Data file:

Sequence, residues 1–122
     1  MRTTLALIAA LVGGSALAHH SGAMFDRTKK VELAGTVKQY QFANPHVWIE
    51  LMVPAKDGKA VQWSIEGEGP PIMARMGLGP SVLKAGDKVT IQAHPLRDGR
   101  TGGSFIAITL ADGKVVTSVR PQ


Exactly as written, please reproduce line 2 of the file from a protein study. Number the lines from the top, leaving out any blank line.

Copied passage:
     1  MRTTLALIAA LVGGSALAHH SGAMFDRTKK VELAGTVKQY QFANPHVWIE